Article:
Designing reality-based interfaces for experiential bio-design

Orit Shaer, Consuelo Valdes, Sirui Liu, Kara Lu, Kimberly Chang, Wendy Xu, Traci L. Haddock, Swapnil Bhatia, Douglas Densmore, Robert Kincaid
<span title="2013-11-27">2013</span> <i title="Springer Nature"> <a target="_blank" rel="noopener" href="https://fatcat.wiki/container/yubpzzxtazfhzllyyxylnnu7ru" style="color: black;">Personal and Ubiquitous Computing</a> </i> &nbsp;
Reality-based interfaces (RBIs) such as tabletop and tangible user interfaces draw upon ideas from embodied-cognition to offer a more natural, intuitive, and accessible form of interaction that reduces the mental effort required to learn and operate computational systems. However, to date, little research has been devoted to investigating the strengths and limitations of applying reality-based interaction for promoting learning of complex scientific concepts at the college level. We propose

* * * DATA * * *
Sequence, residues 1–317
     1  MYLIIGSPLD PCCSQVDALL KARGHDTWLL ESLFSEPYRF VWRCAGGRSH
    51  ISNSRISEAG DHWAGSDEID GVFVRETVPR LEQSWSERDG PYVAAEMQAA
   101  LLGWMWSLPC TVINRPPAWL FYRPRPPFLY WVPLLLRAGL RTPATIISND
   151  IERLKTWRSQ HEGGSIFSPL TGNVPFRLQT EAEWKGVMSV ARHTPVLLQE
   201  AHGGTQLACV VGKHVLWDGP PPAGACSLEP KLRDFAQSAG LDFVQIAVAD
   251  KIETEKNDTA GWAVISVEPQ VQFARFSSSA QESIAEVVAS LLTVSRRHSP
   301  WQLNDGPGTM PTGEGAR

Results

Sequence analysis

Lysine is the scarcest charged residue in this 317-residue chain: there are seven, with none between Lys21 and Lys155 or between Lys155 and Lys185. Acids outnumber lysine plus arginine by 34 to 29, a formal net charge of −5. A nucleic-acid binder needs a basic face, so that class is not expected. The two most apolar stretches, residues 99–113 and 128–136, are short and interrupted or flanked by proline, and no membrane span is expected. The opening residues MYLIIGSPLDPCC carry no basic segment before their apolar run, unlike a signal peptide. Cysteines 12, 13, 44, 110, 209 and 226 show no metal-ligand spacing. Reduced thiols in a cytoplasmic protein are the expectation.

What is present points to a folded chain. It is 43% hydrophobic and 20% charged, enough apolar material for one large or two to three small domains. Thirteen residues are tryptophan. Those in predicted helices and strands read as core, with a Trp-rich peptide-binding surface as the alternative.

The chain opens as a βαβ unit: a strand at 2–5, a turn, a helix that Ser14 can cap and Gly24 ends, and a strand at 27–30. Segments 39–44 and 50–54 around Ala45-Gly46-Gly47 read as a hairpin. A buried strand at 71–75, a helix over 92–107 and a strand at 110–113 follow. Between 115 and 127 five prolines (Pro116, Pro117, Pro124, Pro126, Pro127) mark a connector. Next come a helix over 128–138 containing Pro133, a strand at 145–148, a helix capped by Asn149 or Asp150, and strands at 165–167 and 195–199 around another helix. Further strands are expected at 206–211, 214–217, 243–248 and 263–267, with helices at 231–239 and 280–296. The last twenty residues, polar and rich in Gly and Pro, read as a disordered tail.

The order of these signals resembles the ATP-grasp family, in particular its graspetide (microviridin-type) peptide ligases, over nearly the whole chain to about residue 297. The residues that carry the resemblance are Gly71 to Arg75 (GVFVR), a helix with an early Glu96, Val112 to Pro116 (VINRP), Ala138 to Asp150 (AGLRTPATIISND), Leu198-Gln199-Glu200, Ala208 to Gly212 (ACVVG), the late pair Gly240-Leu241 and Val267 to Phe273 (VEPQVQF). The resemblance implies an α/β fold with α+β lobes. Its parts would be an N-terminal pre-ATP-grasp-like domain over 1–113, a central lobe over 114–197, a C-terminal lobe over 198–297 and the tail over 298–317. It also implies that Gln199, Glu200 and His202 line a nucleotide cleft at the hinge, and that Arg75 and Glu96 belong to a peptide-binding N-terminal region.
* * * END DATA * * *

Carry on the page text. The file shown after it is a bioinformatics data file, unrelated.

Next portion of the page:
more &raquo; ... RBIs offer unique opportunities for enhancing college-level science education. This paper presents three main contributions: 1) design considerations and participatory design process for enhancing college-level science education through reality-based interaction, 2) reflections on the design, implementation, and validation of two case studies -RBIs for learning synthetic biology, and 3) discussion of opportunities and challenges for advancing learning of college-level sciences through next generation interfaces. DRAFT Educational Interfaces Software and Technology 2 reality-based interaction for enhancing inquiry-based learning in data-intensive areas such as genomics [84, 87, 88] , phylogeny [81] and phenology [94] . Our recent work, which we present in this paper, examines how reality-based interaction techniques can be applied to facilitate problem-driven learning and understanding in synthetic biology. We chose to focus on synthetic biology since it is a new area of research where interactive tools currently remain immature. Also, designing for problem-driven learning at the intersection of science and engineering can help move forward the theory and practice of educational interfaces, software, and technology. Synthetic biology is an emerging research area that couples engineering and biology with the goal of building sophisticated biological circuits for novel applications [15] . For example, synthetic biology is used in the development of low-cost drugs for Malaria [59] , in the creation of toxin and explosive compound sensing bacteria [52] , and in the production of energy from bacteria [51]. The bottlenecks and challenges along the path to realizing the full potential of this field are formidable and numerous. For one, synthetic biology designs are currently implemented using a complex ad-hoc process that limits their scale and complexity [101]. As a result, undergraduate students in synthetic biology typically have limited opportunity to develop design competencies DRAFT Educational Interfaces Software and Technology DOI XX.XXXX/sXXXXX-XXX-XXXX-X 3 [62]. Providing students with opportunities to develop synthetic biology projects poses a challenge due to the cost and skills required for using biological technologies. Synthetic biology solutions have the potential to impact public policy decisions as well as environmental and personal choices. Thereby, in addition to training future scientists, it is important to make core concepts of synthetic biology accessible and understandable to non-scientists. This goal is often challenged by the limited access to biological technologies. In this paper, we present two case studies of applying reality-based interaction for learning in synthetic biology. Using these case studies as a starting point, we discuss how ideas from realitybased interaction can be applied to facilitate problem-driven learning and understanding of collegelevel science. Our contribution in this work is threefold. First, we describe a set of design considerations and a participatory design process for facilitating problem-driven learning in synthetic biology through reality-based interaction. Second, we reflect on the design, implementation, and validation of two case studies of RBIs for synthetic biology: 1) MoClo Planner -a multi-touch interface for collaborative bio-design; 2) SynFlo -a tangible and embodied interface for communicating core synthetic biology concepts to non-scientists. Finally, drawing on our described experiences, we discuss opportunities and challenges for advancing learning in college-level sciences through reality-based interaction. We begin by revisiting reality-based interaction and core ideas of embodied cognition, followed with a brief survey of RBIs for scientific discovery and education, and design frameworks for RBI. We also survey related work on bioinformatics tools for bio-design. Background Reality-Based Interaction Reality-Based Interaction (RBI) is a descriptive framework [48] that highlights salient commonalities of emerging interaction styles that diverge from the traditional window, icon, menu, pointing device (WIMP) interaction style. RBIs draw strength by building on users' pre-existing knowledge of the real, non-digital world to a much greater extent than before. In particular, they leverage four aspects of interaction with the non-digital world: • Naïve physics -the informal human perception of basic physical principles such as gravity, friction, velocity, the persistence of objects, and relative scale. DRAFT Educational Interfaces Software and Technology • Thinking through action: Various studies have demonstrated how physical artifacts support cognition by serving as "thinking props". Probably, most well-known are Kirsh's [53, 54] investigations of epistemic actions, which are not functional but help explore options and support memory. Thus, epistemic actions can reduce the complexity of activities. Interfaces that make epistemic actions such as pointing, turning, and arranging easier support cognition.